Past the galleries (no photos allowed) filled with giant ship models, cutaways and original paintings, is the Pipe Bending room, where metal pipes were superheated in the furnace then bent around pegs in the floor to make them the right shape for the ships.  The original brickwork mixed with the steel girders are the type of details that modern architects can only dream about working with.
After spending over an hour moseying through the galleries, we headed back outside into the sunshine to go and ogle at the three historic warships in dry dock.

The HMS Cavalier, a retired C-Class destroyer, decommissioned in 1972.
The HMS Gannet, a Royal Navy Doterel-class screw sloop launched in 1878 and preserved in 1987.
The HMS Ocelot, an Oberon-class diesel-electric submarine, and the last Royal Navy vessel built in the Dockyard.  She was launched in 1962 and did her service during the cold war as an intelligence vessel then decommissioned in 1991. A tour aboard her cramped living and working conditions forms much of Part 2 of these blog posts.
All three vessels are open for exploration, although we did not have the time to explore the Gannet and the Cavalier on this occasion.  I did say that the Dockyard was huge!

Near the dry docks are other remnants of the Dockyards military past, including a Royal Navy Chopper and anti-aircraft guns.  The whole place is incredibly atmospheric, made even more so when you realise that this is still a working dockyard and some of the crafts practiced 400 years ago are still in operation on site, as we discovered in our Ropery tour.
As you may have guessed, the Dockyard is situated on the River Medway, and it is clear that this is still a working river for both leisure and business.  Part of this adds to the feel of the Dockyard as you are surrounded by the clangs of steel and industry from over the river and the smell of tarred rope.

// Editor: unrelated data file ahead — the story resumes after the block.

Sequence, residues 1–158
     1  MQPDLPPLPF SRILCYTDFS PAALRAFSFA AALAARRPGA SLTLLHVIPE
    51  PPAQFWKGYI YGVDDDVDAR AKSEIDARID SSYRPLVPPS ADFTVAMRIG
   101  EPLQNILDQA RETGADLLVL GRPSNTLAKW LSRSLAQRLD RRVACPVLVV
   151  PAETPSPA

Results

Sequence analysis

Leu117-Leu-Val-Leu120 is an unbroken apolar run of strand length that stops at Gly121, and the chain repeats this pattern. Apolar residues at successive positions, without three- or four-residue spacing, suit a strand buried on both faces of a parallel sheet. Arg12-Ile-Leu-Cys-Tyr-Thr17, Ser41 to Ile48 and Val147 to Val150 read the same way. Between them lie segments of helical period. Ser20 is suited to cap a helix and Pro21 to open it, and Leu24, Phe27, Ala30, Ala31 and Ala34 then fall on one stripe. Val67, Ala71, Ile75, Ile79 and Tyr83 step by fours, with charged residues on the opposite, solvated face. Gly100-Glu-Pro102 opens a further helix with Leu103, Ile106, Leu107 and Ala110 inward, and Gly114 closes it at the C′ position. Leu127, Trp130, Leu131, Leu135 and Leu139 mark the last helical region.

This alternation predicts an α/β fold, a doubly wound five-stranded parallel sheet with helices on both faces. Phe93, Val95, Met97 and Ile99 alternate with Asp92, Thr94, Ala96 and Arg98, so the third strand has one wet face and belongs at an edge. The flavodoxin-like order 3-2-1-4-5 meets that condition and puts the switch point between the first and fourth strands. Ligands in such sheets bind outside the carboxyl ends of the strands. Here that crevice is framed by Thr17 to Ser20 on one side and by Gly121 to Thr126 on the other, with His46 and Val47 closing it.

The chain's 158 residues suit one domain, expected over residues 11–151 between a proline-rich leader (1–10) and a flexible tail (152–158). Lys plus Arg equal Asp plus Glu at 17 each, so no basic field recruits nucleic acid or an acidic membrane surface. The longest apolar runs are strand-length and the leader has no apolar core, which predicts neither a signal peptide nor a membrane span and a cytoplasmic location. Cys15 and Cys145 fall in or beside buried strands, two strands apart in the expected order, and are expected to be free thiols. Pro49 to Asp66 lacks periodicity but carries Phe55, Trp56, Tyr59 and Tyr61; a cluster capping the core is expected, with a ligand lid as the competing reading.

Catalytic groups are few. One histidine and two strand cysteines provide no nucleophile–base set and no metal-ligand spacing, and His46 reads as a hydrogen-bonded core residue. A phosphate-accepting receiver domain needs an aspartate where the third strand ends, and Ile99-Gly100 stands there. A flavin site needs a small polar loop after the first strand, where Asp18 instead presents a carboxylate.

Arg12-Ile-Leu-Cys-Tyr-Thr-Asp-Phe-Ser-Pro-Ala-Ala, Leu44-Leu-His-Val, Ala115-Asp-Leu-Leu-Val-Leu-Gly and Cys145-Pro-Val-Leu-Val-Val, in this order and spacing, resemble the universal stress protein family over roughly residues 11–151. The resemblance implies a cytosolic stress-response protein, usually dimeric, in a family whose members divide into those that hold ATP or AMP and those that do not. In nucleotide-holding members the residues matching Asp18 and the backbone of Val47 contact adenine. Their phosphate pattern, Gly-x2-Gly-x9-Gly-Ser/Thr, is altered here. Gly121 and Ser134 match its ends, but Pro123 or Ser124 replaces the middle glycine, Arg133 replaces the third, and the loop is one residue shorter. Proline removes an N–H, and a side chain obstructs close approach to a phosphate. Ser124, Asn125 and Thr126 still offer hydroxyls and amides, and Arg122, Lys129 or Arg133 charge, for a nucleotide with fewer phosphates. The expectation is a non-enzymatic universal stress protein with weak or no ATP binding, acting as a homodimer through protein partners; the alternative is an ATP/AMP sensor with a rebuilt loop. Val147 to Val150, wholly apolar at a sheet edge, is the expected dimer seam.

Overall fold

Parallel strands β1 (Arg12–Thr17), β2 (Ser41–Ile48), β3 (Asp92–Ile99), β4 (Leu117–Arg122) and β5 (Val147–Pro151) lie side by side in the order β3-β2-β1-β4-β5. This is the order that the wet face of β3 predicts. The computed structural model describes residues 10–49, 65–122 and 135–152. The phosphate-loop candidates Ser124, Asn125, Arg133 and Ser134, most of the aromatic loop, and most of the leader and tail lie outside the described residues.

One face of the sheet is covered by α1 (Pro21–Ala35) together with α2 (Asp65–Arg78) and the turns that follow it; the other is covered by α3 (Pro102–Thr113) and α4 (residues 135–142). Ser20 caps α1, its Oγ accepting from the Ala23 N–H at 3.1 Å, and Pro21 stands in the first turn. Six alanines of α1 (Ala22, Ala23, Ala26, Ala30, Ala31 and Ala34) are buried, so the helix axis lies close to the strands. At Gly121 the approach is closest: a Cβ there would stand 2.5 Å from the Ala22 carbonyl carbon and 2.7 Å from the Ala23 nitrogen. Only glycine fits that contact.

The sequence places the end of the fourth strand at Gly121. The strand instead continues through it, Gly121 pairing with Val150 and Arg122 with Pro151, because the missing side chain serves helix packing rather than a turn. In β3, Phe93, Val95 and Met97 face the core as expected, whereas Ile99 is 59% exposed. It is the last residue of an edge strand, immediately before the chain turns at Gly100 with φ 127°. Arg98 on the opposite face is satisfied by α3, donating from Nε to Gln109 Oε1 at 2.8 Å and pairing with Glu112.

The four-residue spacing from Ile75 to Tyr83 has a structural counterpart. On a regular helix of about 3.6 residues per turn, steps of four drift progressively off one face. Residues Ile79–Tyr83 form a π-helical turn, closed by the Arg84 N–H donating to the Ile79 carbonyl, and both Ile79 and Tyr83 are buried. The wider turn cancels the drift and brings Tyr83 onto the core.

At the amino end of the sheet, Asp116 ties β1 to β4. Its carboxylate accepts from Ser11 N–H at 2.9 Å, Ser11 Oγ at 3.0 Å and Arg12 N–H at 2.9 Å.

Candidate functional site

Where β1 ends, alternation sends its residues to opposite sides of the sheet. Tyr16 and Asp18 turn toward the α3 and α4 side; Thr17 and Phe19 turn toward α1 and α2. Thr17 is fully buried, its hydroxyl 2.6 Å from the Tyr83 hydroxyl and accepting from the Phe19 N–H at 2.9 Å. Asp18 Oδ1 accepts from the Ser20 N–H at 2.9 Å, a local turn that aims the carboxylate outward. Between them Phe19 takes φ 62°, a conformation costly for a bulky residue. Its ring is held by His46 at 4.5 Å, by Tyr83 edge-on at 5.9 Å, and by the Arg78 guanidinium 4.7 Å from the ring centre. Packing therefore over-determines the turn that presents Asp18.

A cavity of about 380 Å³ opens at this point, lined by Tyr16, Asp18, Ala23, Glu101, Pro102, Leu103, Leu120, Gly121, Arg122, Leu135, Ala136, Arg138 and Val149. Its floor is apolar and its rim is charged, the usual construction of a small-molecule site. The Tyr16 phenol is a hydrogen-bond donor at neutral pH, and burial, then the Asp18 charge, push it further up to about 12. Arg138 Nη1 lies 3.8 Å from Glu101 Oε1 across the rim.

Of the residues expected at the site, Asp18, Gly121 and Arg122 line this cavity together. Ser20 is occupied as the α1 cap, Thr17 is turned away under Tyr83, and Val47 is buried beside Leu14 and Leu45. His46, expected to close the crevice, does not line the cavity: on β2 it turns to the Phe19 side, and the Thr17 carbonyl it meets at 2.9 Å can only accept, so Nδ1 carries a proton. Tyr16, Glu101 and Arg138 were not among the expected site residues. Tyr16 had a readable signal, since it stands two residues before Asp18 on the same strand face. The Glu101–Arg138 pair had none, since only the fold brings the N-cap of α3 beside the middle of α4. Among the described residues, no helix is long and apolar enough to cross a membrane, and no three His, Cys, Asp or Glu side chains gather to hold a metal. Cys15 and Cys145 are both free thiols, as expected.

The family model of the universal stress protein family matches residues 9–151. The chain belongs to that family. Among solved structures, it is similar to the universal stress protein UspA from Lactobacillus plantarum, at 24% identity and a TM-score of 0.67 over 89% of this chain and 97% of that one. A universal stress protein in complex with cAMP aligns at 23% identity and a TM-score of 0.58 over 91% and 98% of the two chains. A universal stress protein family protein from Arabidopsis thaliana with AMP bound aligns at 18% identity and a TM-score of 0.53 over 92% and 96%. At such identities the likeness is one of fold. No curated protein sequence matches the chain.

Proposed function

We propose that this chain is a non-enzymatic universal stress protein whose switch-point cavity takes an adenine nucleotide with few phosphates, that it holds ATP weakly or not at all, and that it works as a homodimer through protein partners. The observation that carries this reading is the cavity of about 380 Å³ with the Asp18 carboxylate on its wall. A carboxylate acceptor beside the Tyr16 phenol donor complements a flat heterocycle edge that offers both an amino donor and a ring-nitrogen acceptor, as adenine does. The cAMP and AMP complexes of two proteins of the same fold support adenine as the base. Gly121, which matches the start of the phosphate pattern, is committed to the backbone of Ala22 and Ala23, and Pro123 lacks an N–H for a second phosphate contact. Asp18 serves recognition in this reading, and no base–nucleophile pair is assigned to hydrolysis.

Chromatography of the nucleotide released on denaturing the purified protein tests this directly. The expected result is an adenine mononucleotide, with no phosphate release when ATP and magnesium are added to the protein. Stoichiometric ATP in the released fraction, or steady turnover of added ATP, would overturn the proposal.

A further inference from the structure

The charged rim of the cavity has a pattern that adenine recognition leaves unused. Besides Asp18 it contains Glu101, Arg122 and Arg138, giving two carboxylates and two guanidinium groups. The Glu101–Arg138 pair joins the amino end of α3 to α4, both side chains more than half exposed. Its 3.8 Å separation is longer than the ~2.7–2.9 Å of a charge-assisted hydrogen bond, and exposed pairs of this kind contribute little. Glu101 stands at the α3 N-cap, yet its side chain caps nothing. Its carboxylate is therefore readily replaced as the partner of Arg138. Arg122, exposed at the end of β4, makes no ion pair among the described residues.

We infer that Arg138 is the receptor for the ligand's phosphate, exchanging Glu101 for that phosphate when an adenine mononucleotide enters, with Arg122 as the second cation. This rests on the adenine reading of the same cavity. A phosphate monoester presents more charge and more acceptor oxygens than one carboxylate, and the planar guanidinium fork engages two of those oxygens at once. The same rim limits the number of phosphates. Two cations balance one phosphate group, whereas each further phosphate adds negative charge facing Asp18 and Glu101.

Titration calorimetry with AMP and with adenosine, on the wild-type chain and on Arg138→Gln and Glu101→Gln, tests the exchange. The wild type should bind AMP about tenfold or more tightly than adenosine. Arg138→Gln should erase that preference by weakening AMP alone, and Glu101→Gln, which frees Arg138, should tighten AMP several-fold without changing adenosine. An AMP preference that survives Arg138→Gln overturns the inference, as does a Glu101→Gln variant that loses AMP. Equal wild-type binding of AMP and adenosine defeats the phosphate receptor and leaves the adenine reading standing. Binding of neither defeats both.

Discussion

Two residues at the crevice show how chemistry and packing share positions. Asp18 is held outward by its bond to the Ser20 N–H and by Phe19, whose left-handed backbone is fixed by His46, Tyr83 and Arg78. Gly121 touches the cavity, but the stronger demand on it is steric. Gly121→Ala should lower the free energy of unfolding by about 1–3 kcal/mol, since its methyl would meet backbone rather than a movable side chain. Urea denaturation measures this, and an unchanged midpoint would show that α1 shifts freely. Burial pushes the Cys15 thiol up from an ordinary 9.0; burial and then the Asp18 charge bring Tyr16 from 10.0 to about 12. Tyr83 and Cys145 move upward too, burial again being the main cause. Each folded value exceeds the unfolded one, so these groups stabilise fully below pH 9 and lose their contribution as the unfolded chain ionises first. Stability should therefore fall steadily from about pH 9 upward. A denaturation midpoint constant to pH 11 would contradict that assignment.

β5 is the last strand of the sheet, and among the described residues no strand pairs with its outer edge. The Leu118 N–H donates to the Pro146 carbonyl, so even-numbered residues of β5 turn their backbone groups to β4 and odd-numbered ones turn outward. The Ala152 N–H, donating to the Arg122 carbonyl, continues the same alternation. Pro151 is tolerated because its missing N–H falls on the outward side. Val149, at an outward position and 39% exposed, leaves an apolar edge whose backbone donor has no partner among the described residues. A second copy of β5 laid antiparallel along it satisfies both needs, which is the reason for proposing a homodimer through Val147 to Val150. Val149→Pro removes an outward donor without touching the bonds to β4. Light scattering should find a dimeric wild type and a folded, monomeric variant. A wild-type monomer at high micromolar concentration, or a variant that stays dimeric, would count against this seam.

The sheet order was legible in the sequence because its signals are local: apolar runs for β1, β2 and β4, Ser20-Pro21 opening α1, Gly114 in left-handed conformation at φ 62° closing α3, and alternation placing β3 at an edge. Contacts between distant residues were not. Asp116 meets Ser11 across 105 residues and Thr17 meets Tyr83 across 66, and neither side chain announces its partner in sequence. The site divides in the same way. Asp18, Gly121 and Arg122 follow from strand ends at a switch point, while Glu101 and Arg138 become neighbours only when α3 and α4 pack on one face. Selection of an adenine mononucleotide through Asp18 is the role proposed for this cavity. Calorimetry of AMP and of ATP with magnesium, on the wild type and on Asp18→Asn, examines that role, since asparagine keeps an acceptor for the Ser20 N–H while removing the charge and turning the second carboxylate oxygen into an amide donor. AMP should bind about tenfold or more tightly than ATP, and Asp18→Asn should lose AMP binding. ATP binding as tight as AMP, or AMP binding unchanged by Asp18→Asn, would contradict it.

We stopped at the Wagon Stop Canteen located inside the Railway Workshop for a bite to eat and drink halfway through our visit.  There is a big new project being undertaken at the moment to improve the catering arrangements as part of the Command of the Oceans project, so the Wagon Stop is very much a temporary holding alternative before the new facilities come on line.  I really enjoyed it though!  They specialise in Kentish pies and doorstop sandwiches surrounded by some of the locomotives and rolling stock that form part of the Dockyard Railway that criss-cross and ribbon their way throughout the entire site, and are still in operation today.  I had a cappuccino (machine, not freshly made) and a lamb cobbler pie, which was stuffed full of chunks of meat, piping hot and lightly flavoured with mint, potato and carrot in a rich gravy with a thick and crumbly pastry. Dad had a Kentish pastie, which was basically a lamb version of a Cornish pasty.  The two pasties and 2 cappuccino's came to £12 in total.
Right next to the Wagon Stop is the Nelson Brewery, which first opened in 1995 where it established a five barrel kit brewing up to 100 firkins a week. Now it has a strong reputation as one of the UK's major ale suppliers, all with suitably nautical names, brewing from a seven and a half barrel kit.  The Brewery isn't open on Sunday's but you can book tours by appointment and see them in action during the week.
When we first arrived on site, we asked for some advice from one of the guides about what to see. He told us that the submarine and ropery tours were a must (check back for the next post!) and that also we needed to climb to the top of 3 Slip, otherwise known as The Big Space, to look at the incredible roof space.

He was so right.
It is incredible to think that this space was built in 1838, and at the time it was Europe's largest wide span timber structure.  The scale of it is breathtaking and the weatherbeaten bleached grey timbers and criss-cross lattice steel girders are a photographers dream.